Mike Drinkard concurs. For nearly 18 years now, Mike has been the Crisis Center’s advocate in Terlingua. He talks candidly about the often-unreported incidents by men. “Men don’t want to admit that they are being abused. They might go out and fight every night at the bar, but this little woman got him terrorized. She got all the control, she’s got a big psychological size, a lot of things are about psychological size.”

“It’s not just domestic violence we address though,” Drinkard explains. “In 2004 I saw the deputies on the side of the road with a guy down on the ground with handcuffs on. I thought this was weird, because this is supposed to be a calmer community.  A couple of days later, I saw the same thing again, another person being handcuffed. Tensions were growing. I thought, people need to stop this violence. Something needs to be done. We need to find a way to communicate and get along with each other.” 

A community member interjects, “People are finding themselves desperate at the edge of our country. And we don’t know where to turn other than to Michael to help us resolve issues that seem insurmountable.” 

Many in Terlingua live off the grid without running water or electricity. There’s little work and a higher homeless population because the rentals they did have are becoming AirBnbs for tourists, making housing increasingly scarce and expensive. In his gentle way Michael explains, “When they do surveys asking people from different organizations like law enforcement and legal aid to list needs like fresh water, gasoline, money, jobs, stuff like that, on the top of everybody’s list is access to good mental healthcare. A lot of people could benefit from substance abuse rehab programs, but that doesn’t happen here. You got to go as far away as Midland or El Paso. Often those places are full anyway, so that doesn’t happen. I’m here to be an advocate, to listen. My job is not to judge. I can’t tell people what to do, but I can offer resources, support groups and introductions to friends.”

Presidio, being a border town, has experienced its own set of challenges since the pandemic. Many who were once served can no longer cross from Ojinaga, Mexico. Living within the community, Krisna Saenz, Presidio’s community educator and client advocate, feels the strain on families who with the travel ban can no longer cross from Mexico to the States and ask for help. “We helped everyone before the pandemic. The only thing we can do now is take them food boxes. With travel restrictions we cannot provide legal help for them. Because they’re over there, in Ojinaga. Here In Presidio many stay quiet because they don’t know about a lot of resources. And they don’t know where to go. They’re scared to call to the police. We want them to know they don’t have to go back to the house with the fighting or with the violence. We can offer them shelter. If they are here in Presidio, we can provide them with legal services. We can help them with rent as they look for a job. We can offer them a community of support, that can make a big difference. Our women’s support group has 30 women aged 18 to 80. They bring potluck and talk. It can be fun, silly, serious, or whatever. It helps people know they are not alone and that they have support.”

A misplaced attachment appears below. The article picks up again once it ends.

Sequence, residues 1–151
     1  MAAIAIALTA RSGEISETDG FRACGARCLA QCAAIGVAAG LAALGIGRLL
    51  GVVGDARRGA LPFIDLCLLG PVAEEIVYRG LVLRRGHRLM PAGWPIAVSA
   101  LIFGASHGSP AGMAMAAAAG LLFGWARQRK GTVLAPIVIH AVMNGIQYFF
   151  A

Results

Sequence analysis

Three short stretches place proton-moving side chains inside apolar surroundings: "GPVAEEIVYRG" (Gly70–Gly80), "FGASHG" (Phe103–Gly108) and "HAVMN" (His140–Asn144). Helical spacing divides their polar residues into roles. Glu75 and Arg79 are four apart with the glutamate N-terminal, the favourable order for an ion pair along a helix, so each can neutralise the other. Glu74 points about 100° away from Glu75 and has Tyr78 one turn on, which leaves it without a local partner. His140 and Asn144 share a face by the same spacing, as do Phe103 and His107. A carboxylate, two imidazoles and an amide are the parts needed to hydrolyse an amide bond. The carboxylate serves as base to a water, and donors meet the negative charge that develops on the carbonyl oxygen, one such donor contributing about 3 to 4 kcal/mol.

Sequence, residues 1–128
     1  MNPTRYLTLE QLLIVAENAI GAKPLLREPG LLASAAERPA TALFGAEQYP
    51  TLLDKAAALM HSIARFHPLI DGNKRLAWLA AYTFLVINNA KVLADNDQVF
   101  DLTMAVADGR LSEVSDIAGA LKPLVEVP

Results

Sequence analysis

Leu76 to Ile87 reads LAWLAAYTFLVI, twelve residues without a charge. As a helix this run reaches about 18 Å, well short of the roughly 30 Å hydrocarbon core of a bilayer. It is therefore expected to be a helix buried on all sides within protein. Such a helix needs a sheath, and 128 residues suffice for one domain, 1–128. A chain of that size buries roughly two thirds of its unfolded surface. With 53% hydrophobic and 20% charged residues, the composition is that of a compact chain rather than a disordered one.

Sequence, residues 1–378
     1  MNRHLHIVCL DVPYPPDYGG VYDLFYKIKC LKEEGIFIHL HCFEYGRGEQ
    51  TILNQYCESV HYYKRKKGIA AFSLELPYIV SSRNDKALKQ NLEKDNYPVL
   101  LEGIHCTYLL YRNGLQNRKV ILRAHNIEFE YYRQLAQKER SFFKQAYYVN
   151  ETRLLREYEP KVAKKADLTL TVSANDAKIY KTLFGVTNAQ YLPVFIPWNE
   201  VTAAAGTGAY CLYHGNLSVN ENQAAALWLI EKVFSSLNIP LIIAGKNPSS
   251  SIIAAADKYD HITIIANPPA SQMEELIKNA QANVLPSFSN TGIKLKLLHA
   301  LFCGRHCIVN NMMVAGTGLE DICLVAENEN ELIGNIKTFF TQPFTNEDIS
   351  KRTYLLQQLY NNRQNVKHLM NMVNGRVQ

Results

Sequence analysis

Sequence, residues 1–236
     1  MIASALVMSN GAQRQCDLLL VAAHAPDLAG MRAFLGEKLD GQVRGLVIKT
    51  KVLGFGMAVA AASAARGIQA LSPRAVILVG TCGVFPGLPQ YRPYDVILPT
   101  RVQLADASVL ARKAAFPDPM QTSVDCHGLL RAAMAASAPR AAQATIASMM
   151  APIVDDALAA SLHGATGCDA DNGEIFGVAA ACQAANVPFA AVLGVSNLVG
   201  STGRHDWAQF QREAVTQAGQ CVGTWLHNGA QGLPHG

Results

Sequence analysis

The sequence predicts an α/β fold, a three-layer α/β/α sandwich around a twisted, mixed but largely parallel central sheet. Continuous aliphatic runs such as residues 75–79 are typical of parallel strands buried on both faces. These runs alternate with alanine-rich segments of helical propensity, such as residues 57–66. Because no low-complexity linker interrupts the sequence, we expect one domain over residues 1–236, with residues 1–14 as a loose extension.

In Alpine, where the population is near double the other towns, there’s less ability to have one-to-one connections. Letty says, “The biggest challenge is getting the word out, so people know we are here to help them, whether it’s domestic violence, sexual assault, or violent crime. We depend on vital partnerships with schools, volunteers, law enforcement and other loyal supporters to educate everyone in our community that we are here, we can help with food, shelter, support groups, hotline support and rent as they get a new footing in their life.”  

In these remote regions, Letty and her crew are determined to not let anyone fall through the cracks. “Each region is so different with different needs. We hire from within the community to make sure the needs are being met by people who understand and don’t judge.” One advocate confides, “It’s hard sometimes when they tell their story. I want to cry but I can’t. I need to stay strong for them. I will cry later.”   

Regardess of the type of violence victims have suffered, staff, volunteers and community partners work toward one common goal: that no one has to suffer through abuse. There is tangible, long-term help for anyone to get through the crisis and back on their feet again, maybe for the first time. 

By Carolyn Campbell